The conventional wisdom: Negotiation is serious business, you have to keep your eye on the ball, it’s war carried out by other means.
True, but only part of the story. Some of the best advice about negotiation is counterintuitive. Earlier, I offered “Four Tricks That Make Mediation Work”—letting the other side pick the mediator, refusing to argue about who’s right, leaving the litigators at home, and dealing with the hard issues last. Here are three more valuable counterintuitive strategies for negotiations.
- Don’t look at the person who is talking; look at the people who are listening.
In group settings, people naturally tend to focus on the speaker. In a negotiation, that person commonly is a lawyer rather than a principal. He or she is trained to deliver a pitch or make an argument effectively. This includes not only speech, but also tone of voice, facial expressions, and body language. The negotiator is trying to control the message—and usually succeeds. Often, that is not a true reflection of their actual state of mind or your opposing party’s true settlement position.
So, focus your attention on key representatives of the opposing party other than the speaker. They are more likely to convey their true frame of mind through facial expressions and body language. Because they are not in the spotlight, their facial expressions and body language can be quite informative, like a “tell” in poker. Negotiation tells can be particularly valuable when someone other than the speaker is the true decision maker—for example, when the in-house client representative is calling the shots on settlement, even though the party’s lawyer does most of the talking.
- Eat, drink, and be merry.
It is important that the physical environment for a negotiation be comfortable. How early should a session begin? Will the participants be sleepy? Is the room too hot or too cold? Is there adequate food and drink available to ensure that the participants will not be distracted by hunger or thirst?
But concerns about the physical environment go beyond avoiding negative distractions. Being a good host can enhance the negotiating atmosphere, encourage a spirit of good will, and smooth the path to compromise. A recent study concluded that eating while negotiating “offers profitable, measurable benefits through mutually productive discussions.”
I recall one mediator who brought in bowls of candy midafternoon, when people were getting tired and needed a pick-me-up. In addition to providing a jolt of energy, the candy allowed everyone to take a break from the intensity of negotiations, to step back and engage on a more personal level. People made small talk, relaxed for the moment, and joked about the candy. They even smiled a bit. When negotiations resumed, the tone was friendlier. While each side continued to press for the best deal, some posturing disappeared, and some hard lines softened. Breaking bread together is an ancient tradition common to virtually all cultures in all times. It fosters relationships, signals trust, and symbolizes the setting aside of weapons, rhetorical or otherwise. And it may trigger a biological response that promotes cooperation.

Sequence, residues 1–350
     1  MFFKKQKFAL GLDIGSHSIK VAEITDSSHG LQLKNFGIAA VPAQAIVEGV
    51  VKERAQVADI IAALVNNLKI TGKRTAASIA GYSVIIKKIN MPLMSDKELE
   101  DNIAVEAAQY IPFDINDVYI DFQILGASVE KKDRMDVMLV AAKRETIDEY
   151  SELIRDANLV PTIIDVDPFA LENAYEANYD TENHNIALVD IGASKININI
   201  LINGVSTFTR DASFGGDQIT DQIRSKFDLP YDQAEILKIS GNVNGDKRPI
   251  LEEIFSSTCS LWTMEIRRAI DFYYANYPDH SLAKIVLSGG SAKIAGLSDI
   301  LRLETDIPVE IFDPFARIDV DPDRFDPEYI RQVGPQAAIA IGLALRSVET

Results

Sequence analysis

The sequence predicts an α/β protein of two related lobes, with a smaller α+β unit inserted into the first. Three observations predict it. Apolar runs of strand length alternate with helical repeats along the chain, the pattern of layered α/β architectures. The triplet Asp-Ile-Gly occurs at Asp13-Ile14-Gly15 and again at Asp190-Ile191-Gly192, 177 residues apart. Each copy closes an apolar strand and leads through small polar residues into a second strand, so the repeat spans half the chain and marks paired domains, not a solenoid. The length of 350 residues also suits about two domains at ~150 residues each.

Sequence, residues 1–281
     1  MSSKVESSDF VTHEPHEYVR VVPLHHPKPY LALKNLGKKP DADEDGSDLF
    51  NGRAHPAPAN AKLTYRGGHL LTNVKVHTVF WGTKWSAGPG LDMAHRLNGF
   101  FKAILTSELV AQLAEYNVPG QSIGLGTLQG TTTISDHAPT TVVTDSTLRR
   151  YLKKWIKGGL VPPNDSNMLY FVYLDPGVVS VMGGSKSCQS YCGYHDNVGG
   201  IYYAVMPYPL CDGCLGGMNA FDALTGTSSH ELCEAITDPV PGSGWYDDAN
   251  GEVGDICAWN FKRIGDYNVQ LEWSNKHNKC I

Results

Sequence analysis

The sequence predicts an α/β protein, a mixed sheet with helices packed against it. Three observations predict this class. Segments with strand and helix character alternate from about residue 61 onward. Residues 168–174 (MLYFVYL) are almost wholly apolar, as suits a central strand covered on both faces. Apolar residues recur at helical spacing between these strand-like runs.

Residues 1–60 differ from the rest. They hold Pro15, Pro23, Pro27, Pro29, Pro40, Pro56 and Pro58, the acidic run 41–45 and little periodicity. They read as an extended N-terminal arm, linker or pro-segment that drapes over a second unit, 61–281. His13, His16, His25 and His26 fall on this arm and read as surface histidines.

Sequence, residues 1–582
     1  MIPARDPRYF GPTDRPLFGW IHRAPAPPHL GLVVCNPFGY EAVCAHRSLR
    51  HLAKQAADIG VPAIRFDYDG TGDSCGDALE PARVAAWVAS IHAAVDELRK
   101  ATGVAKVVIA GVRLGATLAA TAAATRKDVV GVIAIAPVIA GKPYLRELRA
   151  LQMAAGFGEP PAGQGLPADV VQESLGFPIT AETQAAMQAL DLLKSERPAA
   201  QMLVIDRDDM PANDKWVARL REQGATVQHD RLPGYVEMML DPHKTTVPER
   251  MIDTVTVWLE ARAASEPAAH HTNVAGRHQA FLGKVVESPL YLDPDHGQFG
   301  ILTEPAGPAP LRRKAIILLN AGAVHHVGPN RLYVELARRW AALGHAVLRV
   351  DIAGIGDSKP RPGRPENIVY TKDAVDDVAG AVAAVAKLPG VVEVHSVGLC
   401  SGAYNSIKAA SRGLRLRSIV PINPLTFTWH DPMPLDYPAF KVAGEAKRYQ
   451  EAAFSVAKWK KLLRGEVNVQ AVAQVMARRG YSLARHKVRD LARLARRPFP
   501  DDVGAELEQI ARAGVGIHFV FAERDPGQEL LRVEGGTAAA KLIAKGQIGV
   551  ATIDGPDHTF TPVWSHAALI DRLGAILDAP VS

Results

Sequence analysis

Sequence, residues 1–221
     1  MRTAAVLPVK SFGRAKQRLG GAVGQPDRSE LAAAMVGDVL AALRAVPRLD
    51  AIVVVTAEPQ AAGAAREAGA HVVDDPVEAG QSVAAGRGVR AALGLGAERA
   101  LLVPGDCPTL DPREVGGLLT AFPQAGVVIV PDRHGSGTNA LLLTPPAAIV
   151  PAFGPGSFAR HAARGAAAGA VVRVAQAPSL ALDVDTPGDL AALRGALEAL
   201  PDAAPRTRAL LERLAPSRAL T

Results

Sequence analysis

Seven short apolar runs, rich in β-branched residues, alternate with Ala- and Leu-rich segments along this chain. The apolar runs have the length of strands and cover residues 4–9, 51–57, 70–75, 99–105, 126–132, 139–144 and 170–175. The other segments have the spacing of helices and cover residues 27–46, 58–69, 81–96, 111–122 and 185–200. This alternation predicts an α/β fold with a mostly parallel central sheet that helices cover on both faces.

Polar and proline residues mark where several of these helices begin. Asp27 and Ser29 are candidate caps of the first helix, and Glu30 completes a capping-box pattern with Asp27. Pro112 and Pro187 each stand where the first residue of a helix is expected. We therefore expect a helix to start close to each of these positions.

So make sure there is adequate food and drink when you negotiate. Serve lunch, and take a break from negotiations to share the meal with the other side. It may be more efficient for the parties to eat in separate caucus rooms, but it is an enormous missed opportunity. Start a half-day negotiation before lunch, or end it after lunch, not the opposite, as so often happens. If negotiations are at an impasse or tensions are high, go out for drinks, or even dinner at a nice restaurant.
- Channel your inner Seinfeld.
Humor serves many of the same purposes as breaking bread together. It humanizes the process. It dissipates built-up tension. It gives the participants a short break from the mental and even physical rigors of negotiation and allows them to return to that process feeling refreshed and relaxed.
But the deft use of humor can serve other purposes as well. Sometimes a humorous remark can be the most effective way to make a point. Of course, there is a danger here, too, because an attempt at humor can descend into sarcasm, alienating the target and undermining negotiations.
Telling jokes is a great way to bolster the negotiation process. They don’t have to be pertinent to the negotiation itself, although it can be helpful to know some jokes that will fit your typical negotiations. For example, I spend a lot of my time negotiating with insurance companies, and I know an actuary joke that always brings down the house.
Telling a good joke can have a discernable impact on the dynamic of the negotiation. It allows you to take center stage and establishes you as a dominant force in the room. It will actually energize you. These effects can carry over quite favorably into the substantive negotiations that follow. So learn some funny jokes. Keep them clean. Avoid anything that could offend. Practice, so you tell your jokes well. Then, when negotiations are stalled or tension is mounting, say the magic words, “Did you hear the one about . . .”
Published in Forbes Leadership Forum on January 31, 2014